Friday, September 16, 2011

Sprouting From the Earth


We've been working for the last two years to create a functioning garden to help support our ministry here at Camp Magruder. While it is still a work in progress to figure out what grows here and when, we give our garden our best and continually learn from it.


In June 2010, John Pitney (volunteer who is responsible for a lot of our earth care projects here on site), designed a plan to create a working greenhouse for Magruder. We worked with a local food bank called "Food Roots" to find materials and get advice on the soil and weather here. When it came time to build the new structure, our high school MADD (Music, Art, Dance, and Drama) Camp and some volunteers from Food Roots spent several hours throughout one week to help build the greenhouse. This was built with lumber from our old swim dock as well as recycled materials. We found that we only really needed to purchase a few things including the plastic covering. Some day there are plans to put doors on the greenhouse to make it more successful in the fall, winter, and spring around here.


After hearing all the positive comments on the greenhouse over the year and being able to use it as a teaching tool, we dreamed bigger. A map was drawn of how we wanted the new space to flow and measurements were taken of this new space. In May 2011, volunteers removed the existing outdoor garden that was just too small to do anything like we wanted. The ground was tilled and the soil we found was surprisingly rich. In June, John Pitney and MADD camp worked to make our dream garden a reality. New raised beds were constructed and wheelbarrows of compost (made here at camp) were added to them.


It was a much later start to the garden than we wanted to get, but in early July the beds were planted. We didn't exactly know what to grow so we decided to try broccoli, cauliflower, cabbage, radishes, carrots, green onions, lettuces of all sorts, snap peas, beans, potatoes, and even corn. We've been diligently watering and using an organic slug bait all summer and have enjoyed watching as things have begun to grow.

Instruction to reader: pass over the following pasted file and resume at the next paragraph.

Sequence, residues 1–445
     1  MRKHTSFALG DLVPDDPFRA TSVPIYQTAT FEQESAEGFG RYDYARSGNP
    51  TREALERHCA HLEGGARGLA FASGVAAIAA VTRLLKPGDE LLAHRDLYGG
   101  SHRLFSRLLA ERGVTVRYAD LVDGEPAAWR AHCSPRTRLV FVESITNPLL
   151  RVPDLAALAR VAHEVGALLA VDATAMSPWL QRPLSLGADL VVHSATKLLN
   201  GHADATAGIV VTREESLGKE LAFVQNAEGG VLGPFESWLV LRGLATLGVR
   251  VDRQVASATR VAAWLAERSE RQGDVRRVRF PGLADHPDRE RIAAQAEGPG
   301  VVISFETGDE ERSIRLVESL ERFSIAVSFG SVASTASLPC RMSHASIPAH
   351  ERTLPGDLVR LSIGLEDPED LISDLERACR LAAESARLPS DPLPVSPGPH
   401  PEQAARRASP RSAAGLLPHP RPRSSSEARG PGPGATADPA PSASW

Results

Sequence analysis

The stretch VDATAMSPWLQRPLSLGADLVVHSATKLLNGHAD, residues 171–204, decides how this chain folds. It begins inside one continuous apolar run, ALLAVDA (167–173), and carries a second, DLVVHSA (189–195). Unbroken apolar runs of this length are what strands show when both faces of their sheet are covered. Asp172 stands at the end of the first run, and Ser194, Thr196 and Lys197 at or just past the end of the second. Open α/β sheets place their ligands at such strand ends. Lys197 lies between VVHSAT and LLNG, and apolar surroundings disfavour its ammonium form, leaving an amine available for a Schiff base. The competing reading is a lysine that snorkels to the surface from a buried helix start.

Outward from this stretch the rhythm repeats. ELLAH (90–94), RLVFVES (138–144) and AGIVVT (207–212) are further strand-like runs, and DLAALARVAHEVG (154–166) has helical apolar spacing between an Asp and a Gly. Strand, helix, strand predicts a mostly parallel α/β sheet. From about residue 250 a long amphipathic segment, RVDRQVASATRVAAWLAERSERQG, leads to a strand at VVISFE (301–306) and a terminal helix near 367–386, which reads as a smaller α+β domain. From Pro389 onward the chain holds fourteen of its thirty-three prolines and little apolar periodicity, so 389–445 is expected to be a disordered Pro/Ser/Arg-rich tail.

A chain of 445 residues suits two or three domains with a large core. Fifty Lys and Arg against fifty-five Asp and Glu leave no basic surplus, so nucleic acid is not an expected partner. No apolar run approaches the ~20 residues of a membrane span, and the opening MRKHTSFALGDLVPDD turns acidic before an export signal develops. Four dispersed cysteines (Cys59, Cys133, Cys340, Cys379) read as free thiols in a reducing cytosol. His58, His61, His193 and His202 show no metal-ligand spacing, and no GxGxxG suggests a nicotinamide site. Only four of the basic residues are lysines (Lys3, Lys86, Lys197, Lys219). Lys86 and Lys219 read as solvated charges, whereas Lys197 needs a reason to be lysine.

We get comments all the time from people about how impressive the garden is now. It is so green and there are so many different things growing. Things people don't expect to grow here, have been doing quite well. It's nice to supplement our food service with fresh garden vegetables and I've noticed kids eating more greens because they saw them outside or they helped pick them. We've been lucky that there is a lot of support for our garden. People always ask how they can help, and I'm always happy to say by watering, weeding, or picking produce. I even visited with a guest from 4th of July Family Camp who later went on to send me an entire manilla envelope full of seeds to plant for next year.


In the future, we hope to build more seating space in the garden as well as an informational board listing how people can help, why we have a garden, gardening tips, and how they can take these ideas back home with them to a local garden. We'd like to continue to use the garden as a teaching tool talking about soil, compost, pollination, pesticides, and organic gardening. We'd also like to continue to improve our garden space and growing techniques as well as support our dining hall with fresh options for a healthy life.




No comments:

Post a Comment